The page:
Again, it’s very early and plenty of 6-1 teams have turned into pumpkins well before the New Year even arrived. Regardless, I think this Miami team is going to be better than expected and I don’t even think it’s going to take Flash doing his Flash stuff every single game like it did last year for them to get the the 5th seed. A lot of this hinges upon JO and Q staying relatively healthy — and I’m a Pacers fan, so I know just how preposterous that sounds. But I think Michael Beasley is rather good, Chalmers is better than people think and Udonis Haslem is perhaps the most underrated player in the NBA.

More importantly, however, I think this is just a well-constructed squad where everyone has their roles. It’s puzzling how many teams allow their rosters to just glide through month after month, or even the whole season, without all the players knowing their roles. A lot of this is on some pretty bad coaches that for some reason have jobs in this Association. But a lot of it also falls on the players. Rebounders wanna be scorers. Slashers wanna be shooters. Shooters wanna be ball-handlers. And no one wants to be a defender.

In Miami, however, everyone not only has a role, but they all seem to both know and accept what these roles are. There is no confusion and, seemingly, everyone is one the same page. They revolve around an all-world player and do whatever else is needed to fill in. Willingly.

Let”s try to define the roles of the key contributors:

Dwyane Wade – Captain. Beast. Leader. Superhero. The guy who you all know just what he’s capable of. And so do all his teammates — and they love him for it.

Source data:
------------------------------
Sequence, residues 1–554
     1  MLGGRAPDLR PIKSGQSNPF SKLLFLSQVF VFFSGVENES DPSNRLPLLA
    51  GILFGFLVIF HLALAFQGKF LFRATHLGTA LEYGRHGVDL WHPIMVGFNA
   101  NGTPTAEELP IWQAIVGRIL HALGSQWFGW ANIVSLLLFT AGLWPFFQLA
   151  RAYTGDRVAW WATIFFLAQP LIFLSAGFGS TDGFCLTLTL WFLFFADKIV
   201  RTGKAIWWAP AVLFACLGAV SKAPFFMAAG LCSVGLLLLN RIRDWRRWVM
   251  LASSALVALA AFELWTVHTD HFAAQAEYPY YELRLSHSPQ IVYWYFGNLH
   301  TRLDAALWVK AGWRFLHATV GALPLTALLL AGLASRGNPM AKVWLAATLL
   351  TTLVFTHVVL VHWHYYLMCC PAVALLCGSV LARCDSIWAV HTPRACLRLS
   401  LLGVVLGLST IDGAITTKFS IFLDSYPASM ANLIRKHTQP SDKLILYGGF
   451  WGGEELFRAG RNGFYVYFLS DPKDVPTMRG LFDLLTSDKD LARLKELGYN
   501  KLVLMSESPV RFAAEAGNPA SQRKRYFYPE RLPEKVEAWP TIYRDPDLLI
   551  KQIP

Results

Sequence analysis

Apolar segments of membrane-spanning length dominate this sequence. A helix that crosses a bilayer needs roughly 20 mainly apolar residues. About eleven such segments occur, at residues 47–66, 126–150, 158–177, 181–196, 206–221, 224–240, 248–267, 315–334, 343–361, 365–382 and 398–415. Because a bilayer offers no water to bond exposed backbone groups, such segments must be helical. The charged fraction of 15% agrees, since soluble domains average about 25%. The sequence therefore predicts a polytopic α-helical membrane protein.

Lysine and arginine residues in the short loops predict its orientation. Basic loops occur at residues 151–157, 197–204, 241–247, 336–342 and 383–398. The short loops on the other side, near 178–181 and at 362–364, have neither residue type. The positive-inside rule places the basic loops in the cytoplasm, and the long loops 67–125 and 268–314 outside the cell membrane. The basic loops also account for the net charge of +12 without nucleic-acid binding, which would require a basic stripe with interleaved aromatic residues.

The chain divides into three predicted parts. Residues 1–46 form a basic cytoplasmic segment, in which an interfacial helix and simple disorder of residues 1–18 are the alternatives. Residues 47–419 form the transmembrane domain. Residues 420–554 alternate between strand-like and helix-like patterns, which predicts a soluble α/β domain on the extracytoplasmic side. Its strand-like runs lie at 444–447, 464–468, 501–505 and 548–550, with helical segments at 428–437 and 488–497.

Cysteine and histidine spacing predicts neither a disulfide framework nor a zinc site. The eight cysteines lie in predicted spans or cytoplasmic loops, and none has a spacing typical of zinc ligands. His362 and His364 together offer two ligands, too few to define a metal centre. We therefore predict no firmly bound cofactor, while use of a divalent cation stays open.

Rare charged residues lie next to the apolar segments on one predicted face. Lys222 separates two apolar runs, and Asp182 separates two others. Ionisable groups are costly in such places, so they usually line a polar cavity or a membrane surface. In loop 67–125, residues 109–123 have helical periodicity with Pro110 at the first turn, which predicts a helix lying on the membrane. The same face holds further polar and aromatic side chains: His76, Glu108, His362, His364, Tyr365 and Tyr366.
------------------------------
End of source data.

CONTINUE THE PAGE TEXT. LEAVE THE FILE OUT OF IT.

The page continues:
Michael Beasley – Sidekick. Robin to Batman. Scorer. Mr. Go Get Some Buckets. The guy the team wants doing things with the ball. The guy the team depends on to do things with the ball. And the guy the whole team is rooting for to succeed.

Jermaine O’Neal – Intimidator. Paint patroller. Jumpshooter. Occasionally reliable post presence. The guy who just wants to stay healthy and is willing to bang, board and block shots — presuming you also let him get some looks in the post and take his beloved fadeaway jumpers.

Quentin Richardson – Elder statesmen. Spot-up shooter. Willing defender. Post-up specialist. Lead-by-example rebounder. The guy who has been passed around the league so much it’s a joke at this point — but his jumpshot isn’t, nor is his defense.

Mario Chalmers – Floor general. Place-Setter. Ball pressurer. Mr. Do What Coach Says. The guy tasked with reining things in when Wade starts going one-on-one too much and making sure the post guys get their touches and Beasley stays engaged.

Udonis Haslem – The Rock. In a Hard Hat. Mr. Dependable. Mr. Lunch Pail. The guy who does the in-the-paint stuff that no one else, not even Jermaine, wants to do and gets no credit for it nationally — but certainly does inside that locker room.

Carlos Arroyo – The Empowered Bench Team Leader. The Feisty Point. The Little Guy With A Chip on His Shoulder. Mr. Run the Second Unit. The guy who for the first time in years is being told by his coach and teammates to “Do you. Get points. Dribble around. Create. We need you to be productive off the bench.”